HC Deb 04 July 2000 vol 353 cc170-83

4.1 pm

The Secretary of State for the Home Department (Mr. Jack Straw)

With permission Madam Speaker, I should like to make a statement about football hooliganism.

In my statement to the House on 19 June about the disorder perpetrated by England supporters in Charleroi and Brussels, I said that we would urgently consider whether further measures should be introduced so as to improve the effectiveness of court orders against those convicted of football-related offences, and whether to introduce powers in respect of unconvicted football hooligans against whom there was other good evidence. I should now like to tell the House about the conclusions of the review that we undertook following events in Belgium and about the legislative and other proposals that I will be commending to the House.

The House and the country know all too well of the events in Charleroi and Brussels that shamed England's national game and national reputation, and resulted in the arrest of 965 British nationals and the deportation of 464 of them. A very small number of those originally arrested now face trial.

For some years, the widely accepted view has been that football hooliganism abroad is perpetrated by a relatively small minority of known football troublemakers. Measures discussed and approved by the House over a 15-year period have largely been predicated on that assumption. The blunt truth, however, which has become very clear from events last month, is this: football hooliganism abroad is no longer confined to a small minority of known troublemakers. There is now strong evidence of a larger number of England supporters getting involved in violence, drunkenness and disorder; few of them are known in advance to the police nationally as football-related offenders.

As I told the House on 19 June, the policing operation for Euro 2000, against known football hooligans, was largely successful. Of the 1,000 such known offenders on the lists provided by the National Criminal Intelligence Service to both the Belgian and the Dutch authorities, our information is that most either did not travel or were denied entry to the host countries. Thirty were arrested, detained in or deported from either country. However, of the 965 who were arrested in Belgium and Holland, we know that 409 had previous convictions, including convictions for violence.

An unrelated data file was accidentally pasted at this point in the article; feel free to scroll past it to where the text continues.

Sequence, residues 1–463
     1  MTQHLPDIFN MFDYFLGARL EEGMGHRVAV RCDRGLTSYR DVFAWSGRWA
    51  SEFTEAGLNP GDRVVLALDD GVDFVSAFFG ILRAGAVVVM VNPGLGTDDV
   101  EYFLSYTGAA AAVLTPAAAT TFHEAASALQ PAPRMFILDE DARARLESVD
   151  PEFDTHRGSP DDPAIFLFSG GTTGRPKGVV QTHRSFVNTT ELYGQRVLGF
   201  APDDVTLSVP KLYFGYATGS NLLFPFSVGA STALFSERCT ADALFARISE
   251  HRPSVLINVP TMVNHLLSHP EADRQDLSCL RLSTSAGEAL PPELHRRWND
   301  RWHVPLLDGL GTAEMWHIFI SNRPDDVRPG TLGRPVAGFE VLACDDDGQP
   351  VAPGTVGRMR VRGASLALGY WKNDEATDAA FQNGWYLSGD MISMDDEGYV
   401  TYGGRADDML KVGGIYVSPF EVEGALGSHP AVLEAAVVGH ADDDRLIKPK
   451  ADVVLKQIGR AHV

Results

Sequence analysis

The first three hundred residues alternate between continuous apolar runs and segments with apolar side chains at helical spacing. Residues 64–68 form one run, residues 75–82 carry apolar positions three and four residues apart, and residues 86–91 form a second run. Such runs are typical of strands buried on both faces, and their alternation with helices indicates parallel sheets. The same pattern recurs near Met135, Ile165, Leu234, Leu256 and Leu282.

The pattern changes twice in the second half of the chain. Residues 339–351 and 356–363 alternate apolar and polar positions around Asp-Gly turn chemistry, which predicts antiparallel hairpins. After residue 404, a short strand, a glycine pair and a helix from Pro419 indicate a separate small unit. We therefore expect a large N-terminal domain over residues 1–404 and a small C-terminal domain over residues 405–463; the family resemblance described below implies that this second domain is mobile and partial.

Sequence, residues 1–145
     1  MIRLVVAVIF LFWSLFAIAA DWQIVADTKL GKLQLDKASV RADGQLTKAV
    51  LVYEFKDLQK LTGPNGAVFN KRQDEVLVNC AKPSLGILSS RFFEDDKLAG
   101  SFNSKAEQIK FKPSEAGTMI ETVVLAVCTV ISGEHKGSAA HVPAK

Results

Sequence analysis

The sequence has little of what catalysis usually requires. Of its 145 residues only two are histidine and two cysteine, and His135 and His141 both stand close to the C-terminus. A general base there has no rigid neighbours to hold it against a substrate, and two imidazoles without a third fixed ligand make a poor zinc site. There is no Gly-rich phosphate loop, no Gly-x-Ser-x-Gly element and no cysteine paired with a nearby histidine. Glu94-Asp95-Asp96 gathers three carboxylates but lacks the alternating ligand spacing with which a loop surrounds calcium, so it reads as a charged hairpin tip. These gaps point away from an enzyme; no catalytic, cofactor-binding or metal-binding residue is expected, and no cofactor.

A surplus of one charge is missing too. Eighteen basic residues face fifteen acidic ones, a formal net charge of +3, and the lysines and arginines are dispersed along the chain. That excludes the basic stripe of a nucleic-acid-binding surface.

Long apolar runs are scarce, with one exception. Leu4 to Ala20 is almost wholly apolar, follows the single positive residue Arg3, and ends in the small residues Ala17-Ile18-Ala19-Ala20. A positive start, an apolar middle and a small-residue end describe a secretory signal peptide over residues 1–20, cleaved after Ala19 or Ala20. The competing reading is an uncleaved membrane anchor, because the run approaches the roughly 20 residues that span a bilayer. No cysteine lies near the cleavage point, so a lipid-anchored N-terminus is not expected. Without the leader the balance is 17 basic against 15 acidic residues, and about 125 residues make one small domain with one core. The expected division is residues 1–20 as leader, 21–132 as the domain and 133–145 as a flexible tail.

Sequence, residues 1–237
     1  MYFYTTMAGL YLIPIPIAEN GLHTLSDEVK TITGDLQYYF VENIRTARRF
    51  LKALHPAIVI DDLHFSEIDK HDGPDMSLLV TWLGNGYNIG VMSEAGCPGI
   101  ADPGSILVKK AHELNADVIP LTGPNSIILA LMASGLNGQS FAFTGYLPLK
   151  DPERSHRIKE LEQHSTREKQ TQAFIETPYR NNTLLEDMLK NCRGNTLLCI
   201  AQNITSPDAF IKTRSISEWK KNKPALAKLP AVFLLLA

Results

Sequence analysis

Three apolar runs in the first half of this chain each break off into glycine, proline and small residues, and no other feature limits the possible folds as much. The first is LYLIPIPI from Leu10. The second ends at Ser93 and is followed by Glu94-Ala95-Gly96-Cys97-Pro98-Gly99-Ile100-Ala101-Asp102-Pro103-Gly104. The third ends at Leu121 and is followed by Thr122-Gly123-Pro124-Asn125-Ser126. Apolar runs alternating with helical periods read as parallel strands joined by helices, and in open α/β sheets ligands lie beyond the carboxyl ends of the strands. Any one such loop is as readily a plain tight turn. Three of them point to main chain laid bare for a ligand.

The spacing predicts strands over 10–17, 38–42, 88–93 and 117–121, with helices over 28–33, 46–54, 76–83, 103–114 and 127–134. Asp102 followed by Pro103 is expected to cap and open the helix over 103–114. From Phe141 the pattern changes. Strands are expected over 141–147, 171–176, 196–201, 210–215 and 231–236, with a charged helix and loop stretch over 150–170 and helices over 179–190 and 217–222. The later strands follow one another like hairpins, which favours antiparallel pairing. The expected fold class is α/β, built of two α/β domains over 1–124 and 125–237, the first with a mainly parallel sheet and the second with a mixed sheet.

Against that background, the House will, I believe, appreciate the need for measures to be drawn more widely than has been proposed even in the recent past. I have specific legislative proposals, but the issue runs wider than legislation alone and requires the active co-operation of all involved in football at every level in England.

The legislation that I propose to the House has four key elements. First, we propose to combine the domestic and international football banning orders that are made by a court following a conviction for a football-related offence. We currently have about 400 domestic bans of both kinds in force, but only 106 international bans; only 106 individuals can currently be prevented from leaving the country to attend matches abroad. In future, everyone who receives a banning order will be subject to both domestic and international bans.

Secondly, we propose that, save in exceptional circumstances, everyone who receives such a ban will have to surrender their passport while major overseas games are on. Courts currently have a discretion to impose such a condition when they impose an international football banning order. In future, that will be the norm for the new combined orders.

Thirdly, there is the proposal for civil process, similar to that for the anti-social behaviour order, for a football banning order. This was included in our consultation paper published in the autumn of 1998, and has been actively supported by right hon. and hon. Members on both sides of the House. Under this, the police could propose a football banning order to the courts where they believed that it would help to prevent violence or disorder in connection with football matches. However, I now believe that this order should be more widely available than hitherto proposed. Under the new scheme, therefore, it will not be necessary that the person in question should have been convicted of a football-related offence, or indeed of any offence, though plainly any convictions for violence of whatever kind would be very relevant evidence. The police would of course have to have sufficient evidence in every case on the balance of probabilities that the test set in the legislation was met. That evidence could come from abroad, and it might date from before the proposed new law comes into force.